WASHINGTON - When asked by CNN's Wolf Blitzer to raise their hand if they support the repeal of "Don't Ask, Don't Tell," not a single Republican candidate's hand went up in the air. The position of every single Republican candidate on "Don't Ask, Don't Tell" not only stands in stark contrast to the unified support of repeal by all Democratic presidential candidates but it is also out-of-step with the majority of the American people.
"America's national security was sacrificed tonight in the name of divisive political maneuvering," said Human Rights Campaign President Joe Solmonese. "Every single Republican candidate for president just looked the American people in the eye and voiced their support for a policy that is more concerned about the sexual orientation of an Arabic linguist than it is our military's ability to decode the next piece of intelligence from terrorist groups."
"I hope tonight's debate wasn't aired over the Armed Forces Network because otherwise over 60,000 gay and lesbian troops on active duty just heard a message of dishonor. For these candidates running to be the next commander in chief to dishonor the service of men and women standing on the streets of Baghdad and serving around the globe is shameful," said Eric Alva, national spokesman for the Human Rights Campaign and the first U.S. service member wounded in the Iraq war.
On March 12, 2007, USA Today reported, "Polls indicate growing acceptance of gay troops. A Harris Poll this month found that 55 percent supported allowing gays to serve openly, up from 48 percent in 2000. A Pew Research Center survey last year found that 60 percent favored gays serving openly, up from 52 percent in 1994. Support ran 3-to-1 among those younger than 30."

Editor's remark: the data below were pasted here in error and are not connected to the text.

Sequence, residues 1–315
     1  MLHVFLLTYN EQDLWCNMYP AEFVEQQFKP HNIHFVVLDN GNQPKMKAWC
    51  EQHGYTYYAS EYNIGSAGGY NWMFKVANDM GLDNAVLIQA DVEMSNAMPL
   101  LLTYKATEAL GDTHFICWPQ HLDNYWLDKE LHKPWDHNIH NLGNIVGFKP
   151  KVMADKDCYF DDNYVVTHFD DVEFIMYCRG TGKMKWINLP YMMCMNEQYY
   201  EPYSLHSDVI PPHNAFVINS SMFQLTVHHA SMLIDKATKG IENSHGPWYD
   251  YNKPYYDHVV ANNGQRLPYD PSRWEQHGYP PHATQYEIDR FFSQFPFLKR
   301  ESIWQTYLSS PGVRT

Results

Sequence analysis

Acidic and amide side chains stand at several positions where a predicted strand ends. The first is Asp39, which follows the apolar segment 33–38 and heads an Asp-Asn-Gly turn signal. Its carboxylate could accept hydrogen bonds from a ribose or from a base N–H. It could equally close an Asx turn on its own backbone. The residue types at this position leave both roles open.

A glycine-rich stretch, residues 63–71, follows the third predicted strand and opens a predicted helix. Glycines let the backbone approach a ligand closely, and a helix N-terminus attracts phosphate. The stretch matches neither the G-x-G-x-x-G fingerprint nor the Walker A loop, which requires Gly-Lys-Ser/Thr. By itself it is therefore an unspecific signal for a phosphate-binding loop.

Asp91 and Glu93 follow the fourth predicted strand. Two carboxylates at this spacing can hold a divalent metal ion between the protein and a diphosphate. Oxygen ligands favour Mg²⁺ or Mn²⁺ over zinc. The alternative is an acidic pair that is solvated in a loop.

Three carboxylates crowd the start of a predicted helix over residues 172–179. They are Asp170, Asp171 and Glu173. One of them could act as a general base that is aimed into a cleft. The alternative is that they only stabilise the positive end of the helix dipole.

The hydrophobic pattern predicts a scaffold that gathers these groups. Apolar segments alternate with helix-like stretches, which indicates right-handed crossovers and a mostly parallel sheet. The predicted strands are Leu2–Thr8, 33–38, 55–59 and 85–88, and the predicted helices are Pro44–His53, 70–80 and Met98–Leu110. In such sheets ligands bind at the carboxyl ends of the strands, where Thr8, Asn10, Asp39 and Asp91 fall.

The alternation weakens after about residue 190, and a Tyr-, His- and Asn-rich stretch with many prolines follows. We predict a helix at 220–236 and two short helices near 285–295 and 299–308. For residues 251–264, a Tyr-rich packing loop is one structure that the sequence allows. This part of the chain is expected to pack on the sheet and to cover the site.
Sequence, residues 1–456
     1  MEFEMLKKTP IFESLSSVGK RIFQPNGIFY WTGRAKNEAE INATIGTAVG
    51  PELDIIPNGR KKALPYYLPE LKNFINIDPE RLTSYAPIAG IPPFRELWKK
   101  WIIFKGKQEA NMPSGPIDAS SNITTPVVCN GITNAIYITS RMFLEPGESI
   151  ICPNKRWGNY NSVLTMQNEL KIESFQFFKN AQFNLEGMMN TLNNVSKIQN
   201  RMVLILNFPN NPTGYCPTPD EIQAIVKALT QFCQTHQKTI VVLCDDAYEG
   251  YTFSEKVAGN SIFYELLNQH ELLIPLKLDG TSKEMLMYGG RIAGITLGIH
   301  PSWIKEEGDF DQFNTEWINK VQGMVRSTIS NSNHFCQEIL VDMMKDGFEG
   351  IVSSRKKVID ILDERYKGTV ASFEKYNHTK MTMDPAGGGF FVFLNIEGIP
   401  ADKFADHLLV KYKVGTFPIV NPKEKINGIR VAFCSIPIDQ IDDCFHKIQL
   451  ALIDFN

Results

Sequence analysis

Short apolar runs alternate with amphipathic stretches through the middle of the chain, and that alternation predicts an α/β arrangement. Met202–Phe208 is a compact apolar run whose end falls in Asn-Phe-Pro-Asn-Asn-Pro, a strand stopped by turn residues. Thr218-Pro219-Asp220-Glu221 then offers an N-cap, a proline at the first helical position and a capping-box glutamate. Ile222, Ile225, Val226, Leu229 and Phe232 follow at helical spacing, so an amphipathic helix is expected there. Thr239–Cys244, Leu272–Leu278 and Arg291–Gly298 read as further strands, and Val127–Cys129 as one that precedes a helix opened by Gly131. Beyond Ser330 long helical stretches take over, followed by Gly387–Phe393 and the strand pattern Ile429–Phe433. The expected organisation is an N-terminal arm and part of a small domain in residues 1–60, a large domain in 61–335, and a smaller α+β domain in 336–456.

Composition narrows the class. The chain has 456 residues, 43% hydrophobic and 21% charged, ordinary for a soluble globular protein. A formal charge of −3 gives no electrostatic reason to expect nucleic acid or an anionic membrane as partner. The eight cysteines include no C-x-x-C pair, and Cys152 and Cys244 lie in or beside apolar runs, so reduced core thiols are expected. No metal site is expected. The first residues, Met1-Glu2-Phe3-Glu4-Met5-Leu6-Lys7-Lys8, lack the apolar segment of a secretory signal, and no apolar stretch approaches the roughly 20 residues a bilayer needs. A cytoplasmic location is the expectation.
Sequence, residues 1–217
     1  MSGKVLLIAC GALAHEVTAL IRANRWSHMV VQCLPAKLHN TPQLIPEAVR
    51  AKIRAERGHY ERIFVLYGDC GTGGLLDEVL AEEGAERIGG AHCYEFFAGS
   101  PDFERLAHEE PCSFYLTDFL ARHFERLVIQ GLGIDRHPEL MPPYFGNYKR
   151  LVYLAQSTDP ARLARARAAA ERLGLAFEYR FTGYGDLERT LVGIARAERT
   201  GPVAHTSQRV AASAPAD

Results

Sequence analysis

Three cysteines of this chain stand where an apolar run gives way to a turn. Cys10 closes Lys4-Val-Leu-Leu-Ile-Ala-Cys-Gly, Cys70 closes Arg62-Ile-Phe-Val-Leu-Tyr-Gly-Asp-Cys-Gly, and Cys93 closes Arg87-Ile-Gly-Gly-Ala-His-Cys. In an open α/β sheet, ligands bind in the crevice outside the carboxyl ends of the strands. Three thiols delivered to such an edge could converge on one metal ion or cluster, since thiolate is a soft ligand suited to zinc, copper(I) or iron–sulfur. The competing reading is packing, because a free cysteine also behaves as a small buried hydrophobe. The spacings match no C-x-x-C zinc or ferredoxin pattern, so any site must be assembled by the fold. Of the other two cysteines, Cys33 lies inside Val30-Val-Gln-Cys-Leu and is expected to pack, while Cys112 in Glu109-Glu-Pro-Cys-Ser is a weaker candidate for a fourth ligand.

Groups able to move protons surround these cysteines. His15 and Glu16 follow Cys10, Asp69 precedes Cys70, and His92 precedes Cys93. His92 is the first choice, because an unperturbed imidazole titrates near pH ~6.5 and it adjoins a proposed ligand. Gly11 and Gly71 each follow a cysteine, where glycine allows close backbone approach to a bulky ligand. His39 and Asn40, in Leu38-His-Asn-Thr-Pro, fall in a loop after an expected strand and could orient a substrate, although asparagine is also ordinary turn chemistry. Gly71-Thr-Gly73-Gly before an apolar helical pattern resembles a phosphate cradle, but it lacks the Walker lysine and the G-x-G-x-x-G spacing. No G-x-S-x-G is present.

"The American people have moved forward. Unfortunately, the GOP candidates for president have not," continued Solmonese. "Apparently, the GOP presidential candidates have decided to ally themselves with the extreme views of the right wing, instead of the vast majority of Americans. Not a single hand raised tonight spoke volumes about their willingness to discriminate against gay and lesbian service members."
During tonight's New Hampshire debate aired on CNN, none of the Republican candidates for president supported repeal of the "Don't Ask, Don't Tell" law that prevents gay and lesbian Americans from serving openly in the military.
Mitt Romney actually supported repeal of DADT in 1994 but switched his position tonight. Ironically, Sen. John McCain, R-Ariz., stated that while the United States has a great military, "there aren't enough of them." Although he went on to state his willingness to kick out gay and lesbian Americans wanting to serve.
The Human Rights Campaign is America's largest civil rights organization working to achieve gay, lesbian, bisexual and transgender equality. By inspiring and engaging all Americans, HRC strives to end discrimination against GLBT citizens and realize a nation that achieves fundamental fairness and equality for all.
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